In my research I found other things I could be doing to be more productive. Like setting goals. I have occasionally written down my goals but I have never been consistent about sticking to them. Usually I’d write a few goals down and then stick it in a drawer and forget about them. Setting goals only works if you physically keep your goals in clear sight, and monitor the progress you’re making towards them.

Time for an attitude adjustment. It’s the beginning of 2009. A new year means new beginnings. I am going to address my “distraction” problem and see if 2009 isn’t the year I turn a corner in my writing as far as productivity. I vow to significantly reduce my TV watching time. I think this is going to be hard for me, because I suspect I’m something of an addict. I’ll keep you posted on my progress.

What about you? What are your time wasters? What distracts you from writing? What are you doing to overcome your time wasters so that you can do the things that are really important to you?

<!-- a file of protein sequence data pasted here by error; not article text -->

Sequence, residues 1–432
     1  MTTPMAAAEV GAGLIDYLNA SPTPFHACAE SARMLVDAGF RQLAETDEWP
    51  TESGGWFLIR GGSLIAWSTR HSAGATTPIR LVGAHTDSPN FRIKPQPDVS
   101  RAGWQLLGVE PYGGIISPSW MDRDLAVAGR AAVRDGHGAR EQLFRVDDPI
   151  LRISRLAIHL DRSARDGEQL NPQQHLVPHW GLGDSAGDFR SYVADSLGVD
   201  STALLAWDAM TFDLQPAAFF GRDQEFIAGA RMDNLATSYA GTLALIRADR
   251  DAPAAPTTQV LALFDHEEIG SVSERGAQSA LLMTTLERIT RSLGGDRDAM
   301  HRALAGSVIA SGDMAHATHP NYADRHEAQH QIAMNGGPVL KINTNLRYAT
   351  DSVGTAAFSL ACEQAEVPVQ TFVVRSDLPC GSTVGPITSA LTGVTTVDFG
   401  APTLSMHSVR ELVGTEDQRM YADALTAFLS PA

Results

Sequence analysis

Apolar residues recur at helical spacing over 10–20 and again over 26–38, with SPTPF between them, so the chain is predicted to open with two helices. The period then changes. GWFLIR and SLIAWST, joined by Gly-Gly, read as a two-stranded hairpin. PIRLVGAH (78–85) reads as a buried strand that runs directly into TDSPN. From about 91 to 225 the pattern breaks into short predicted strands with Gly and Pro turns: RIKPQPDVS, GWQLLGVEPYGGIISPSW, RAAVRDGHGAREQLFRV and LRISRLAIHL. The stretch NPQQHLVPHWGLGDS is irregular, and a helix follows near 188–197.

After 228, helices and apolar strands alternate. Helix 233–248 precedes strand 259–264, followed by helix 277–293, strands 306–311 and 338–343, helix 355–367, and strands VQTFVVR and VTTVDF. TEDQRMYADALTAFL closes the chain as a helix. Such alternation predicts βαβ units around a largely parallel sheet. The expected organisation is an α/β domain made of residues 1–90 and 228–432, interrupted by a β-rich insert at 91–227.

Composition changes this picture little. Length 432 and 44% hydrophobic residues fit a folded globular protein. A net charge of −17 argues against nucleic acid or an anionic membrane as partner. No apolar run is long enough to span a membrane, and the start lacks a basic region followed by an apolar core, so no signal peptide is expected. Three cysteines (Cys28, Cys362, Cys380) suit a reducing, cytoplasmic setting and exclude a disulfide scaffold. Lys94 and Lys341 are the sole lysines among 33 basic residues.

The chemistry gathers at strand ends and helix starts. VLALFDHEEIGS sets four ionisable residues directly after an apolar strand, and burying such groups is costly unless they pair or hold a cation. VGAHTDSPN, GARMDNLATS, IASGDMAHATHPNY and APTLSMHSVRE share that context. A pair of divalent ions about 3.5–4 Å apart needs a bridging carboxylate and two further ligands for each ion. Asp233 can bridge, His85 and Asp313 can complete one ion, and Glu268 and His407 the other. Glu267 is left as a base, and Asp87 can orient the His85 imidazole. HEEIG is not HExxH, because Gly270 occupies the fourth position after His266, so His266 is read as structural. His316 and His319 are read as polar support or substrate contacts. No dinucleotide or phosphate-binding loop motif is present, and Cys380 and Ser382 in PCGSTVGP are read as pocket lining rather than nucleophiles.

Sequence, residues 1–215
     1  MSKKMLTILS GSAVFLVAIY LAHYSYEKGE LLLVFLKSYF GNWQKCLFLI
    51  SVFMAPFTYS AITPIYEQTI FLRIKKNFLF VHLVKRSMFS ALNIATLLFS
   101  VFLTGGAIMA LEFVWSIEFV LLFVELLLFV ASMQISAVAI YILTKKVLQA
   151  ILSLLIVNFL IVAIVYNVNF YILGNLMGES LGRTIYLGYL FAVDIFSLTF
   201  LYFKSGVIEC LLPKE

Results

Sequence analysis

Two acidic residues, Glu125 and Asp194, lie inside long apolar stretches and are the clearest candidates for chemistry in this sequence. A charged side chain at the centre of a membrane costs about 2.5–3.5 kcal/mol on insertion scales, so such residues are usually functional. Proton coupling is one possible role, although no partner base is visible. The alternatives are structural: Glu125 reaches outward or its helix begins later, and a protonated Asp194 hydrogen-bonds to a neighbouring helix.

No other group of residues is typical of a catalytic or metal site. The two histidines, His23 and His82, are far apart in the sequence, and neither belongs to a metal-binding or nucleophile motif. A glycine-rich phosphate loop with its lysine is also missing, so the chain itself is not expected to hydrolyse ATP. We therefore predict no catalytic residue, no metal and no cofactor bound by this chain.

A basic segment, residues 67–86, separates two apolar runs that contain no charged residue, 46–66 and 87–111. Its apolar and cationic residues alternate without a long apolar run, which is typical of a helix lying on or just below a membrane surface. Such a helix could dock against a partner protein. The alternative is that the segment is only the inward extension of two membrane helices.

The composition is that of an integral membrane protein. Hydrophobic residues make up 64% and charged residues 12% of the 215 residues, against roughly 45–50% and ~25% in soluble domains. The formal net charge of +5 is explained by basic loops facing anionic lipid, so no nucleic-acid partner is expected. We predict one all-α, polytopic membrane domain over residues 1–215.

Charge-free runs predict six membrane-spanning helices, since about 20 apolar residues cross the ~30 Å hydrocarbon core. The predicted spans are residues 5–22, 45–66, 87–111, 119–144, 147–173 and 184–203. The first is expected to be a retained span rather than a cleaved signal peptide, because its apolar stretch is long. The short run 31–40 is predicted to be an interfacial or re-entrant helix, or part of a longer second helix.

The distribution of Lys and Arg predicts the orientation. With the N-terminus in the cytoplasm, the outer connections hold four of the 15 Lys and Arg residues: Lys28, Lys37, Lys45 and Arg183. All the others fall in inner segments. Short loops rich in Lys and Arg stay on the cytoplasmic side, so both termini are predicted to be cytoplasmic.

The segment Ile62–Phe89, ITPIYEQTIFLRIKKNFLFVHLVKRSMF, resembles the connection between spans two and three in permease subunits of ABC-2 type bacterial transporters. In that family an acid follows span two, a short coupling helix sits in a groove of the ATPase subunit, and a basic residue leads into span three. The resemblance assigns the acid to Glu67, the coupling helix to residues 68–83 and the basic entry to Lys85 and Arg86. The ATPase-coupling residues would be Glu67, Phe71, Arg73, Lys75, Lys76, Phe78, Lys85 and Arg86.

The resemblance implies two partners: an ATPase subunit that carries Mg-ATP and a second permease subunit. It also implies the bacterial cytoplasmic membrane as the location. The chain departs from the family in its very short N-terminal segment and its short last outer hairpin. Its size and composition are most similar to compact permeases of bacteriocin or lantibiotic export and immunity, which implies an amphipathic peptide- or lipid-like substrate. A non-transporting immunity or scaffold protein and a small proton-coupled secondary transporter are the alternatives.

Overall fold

Karen said...

I hear you, Jana. I am very good at allowing myself to be distracted by a multitude of things. I'm a stay-at-home Mom, you'd think I'd have plenty of time to devote to writing. Not true but I'm going to try and do better. My plan is to do my blogging and emailing early in the morning, at 7:00 am and forget about it until after supper. I have planned out my supper menu for the month and attempted the once-at-a-month cooking idea (which actually took me three days)and my freezer is semi-stalked. If errands need doing they will be done in the morning and I plan to leave afternoons for writing. By this I mean from 1:00 pm til 3:00 pm until the kids needs me for whatever. And I'm going to follow your link and check it out. Thanks for a great post.